HRID Treehouse


Living and Working in Hawaii

So you want to live in Hawaii?

Are you dreaming of living and working in paradise? Moving to Hawaii, or coming to Hawaii to work, is an awesome experience, as challenging as it is fun! Hawaii is a world apart from the Mainland, with a rich culture and a diverse people that will present you with many new things to learn, people to know, and new experiences to enjoy.

Hawaii is a melting pot in the truest sense. Because of our unique history, there are many cultural groups that have blended together to represent the Local culture we know today. For example, the local Pidgin language, or Hawaiian Creole English, is the historic result of several language groups coming together to work on the Hawaiian plantations of old, in the mid- to late-1800s. In lieu of a shared language, Hawaiian, Chinese, Japanese, Portguese, and other ethnic groups developed a shared pidgin languagethat is still prevalent today as our local Pidgin. Sometimes misunderstood to be broken English, Pidgin is not "low-class" or "uneducated' -- the most eloquent and articulate speaker may turn to you one day and say, "Ho! We go Rainbow Drive-In fo' da' kine. You like try come?"

If you are called on to interpret that, you'll need to know what "da kine" means! As important as it will be to learn local signs, it is equally as important to learn these local phrases. The book, Pidgin to Da Max by Douglas Simonson, Pat Sasaki, and Ken Sakata is a fun resource that can help you learn some local phrases. Another important language aspect to consider is the use of Hawaiian in everyday life. Hawaiian phrases come up at every occassion -- not to mention our street signs. Learning how to accurately pronounce and spell Hawaiian words is integral to working well in Hawaii. There are many Hawaiian language CDs and MP3s available to help you hone your knowledge. Once you are here, you can find free classes at libraries and community centers that focus on common sounds, words, and tricks for pronunciation.

Hawaii's rich history and cultural traditions are another treasured part of our community. Events surrounding our kings and queens, sacred locations, and the overthrow are all well known to the locals. Although these things are not necessarily part of your everyday interpreting experience, these are topics that are dear to the Hawaiian community and essential to one's understanding of the Islands. Learning the history of the area and the importance of local events will give you a greater insight into local culture and values. A Modern History of Hawaii by Ann Rayson, and Things Hawaii, by Carrie Ching are two resources to read about the history of Hawaii's people and the foundations of the community as we know it today. We also recommend that you become a member of the Hawaii State Library System once you relocate, and start plying your local librarian for additional resources! Not only will your librarian be able to steer you in the right direction -- chances are they will be happy to talk story with you, too.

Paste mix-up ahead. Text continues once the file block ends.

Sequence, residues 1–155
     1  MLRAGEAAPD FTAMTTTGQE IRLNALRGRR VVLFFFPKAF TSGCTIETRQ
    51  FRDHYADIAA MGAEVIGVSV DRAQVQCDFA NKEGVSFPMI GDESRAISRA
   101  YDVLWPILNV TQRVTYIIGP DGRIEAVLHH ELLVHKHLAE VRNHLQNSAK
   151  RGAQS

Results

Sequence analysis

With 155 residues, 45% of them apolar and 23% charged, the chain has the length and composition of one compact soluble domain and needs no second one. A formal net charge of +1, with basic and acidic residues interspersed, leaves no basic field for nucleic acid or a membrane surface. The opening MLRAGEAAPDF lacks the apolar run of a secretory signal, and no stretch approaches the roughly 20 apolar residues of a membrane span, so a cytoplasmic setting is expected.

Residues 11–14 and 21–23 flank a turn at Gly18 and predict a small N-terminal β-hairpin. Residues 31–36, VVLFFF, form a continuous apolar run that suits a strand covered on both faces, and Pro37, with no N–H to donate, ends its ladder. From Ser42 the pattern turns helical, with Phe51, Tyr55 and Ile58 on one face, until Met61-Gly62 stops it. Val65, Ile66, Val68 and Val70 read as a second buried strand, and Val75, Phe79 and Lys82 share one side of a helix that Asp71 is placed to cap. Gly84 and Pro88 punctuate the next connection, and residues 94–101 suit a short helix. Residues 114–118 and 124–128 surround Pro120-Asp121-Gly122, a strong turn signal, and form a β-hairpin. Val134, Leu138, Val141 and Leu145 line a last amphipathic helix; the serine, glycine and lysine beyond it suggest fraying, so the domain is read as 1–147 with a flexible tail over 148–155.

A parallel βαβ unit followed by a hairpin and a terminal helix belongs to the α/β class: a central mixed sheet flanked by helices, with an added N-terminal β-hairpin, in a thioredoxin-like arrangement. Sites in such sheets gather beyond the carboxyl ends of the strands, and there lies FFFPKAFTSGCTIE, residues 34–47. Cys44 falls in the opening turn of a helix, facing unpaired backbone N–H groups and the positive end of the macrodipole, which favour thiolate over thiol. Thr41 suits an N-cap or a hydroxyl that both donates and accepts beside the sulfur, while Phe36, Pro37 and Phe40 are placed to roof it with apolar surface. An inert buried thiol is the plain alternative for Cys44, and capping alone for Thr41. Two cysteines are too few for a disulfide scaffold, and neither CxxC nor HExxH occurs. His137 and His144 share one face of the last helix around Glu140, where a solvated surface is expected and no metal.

Hawaii is a beautiful place to visit and an even more lovely place to live. If you have more questions about living and working in Hawaii, please contact us at HRID and we will roll out the welcome wagon! Also, please check out these resources on relocating to the state of Hawaii's Department of Business, Economic Development, and Tourism for more information about schools, childcare, motor vehicle registration, accommodations, and more.

Would you like to know more? Contact the HRID Welcome Wagon for additional resources.

A hui hou kakou! Until we meet again!

PO Box 12200
Honolulu, HI 96828
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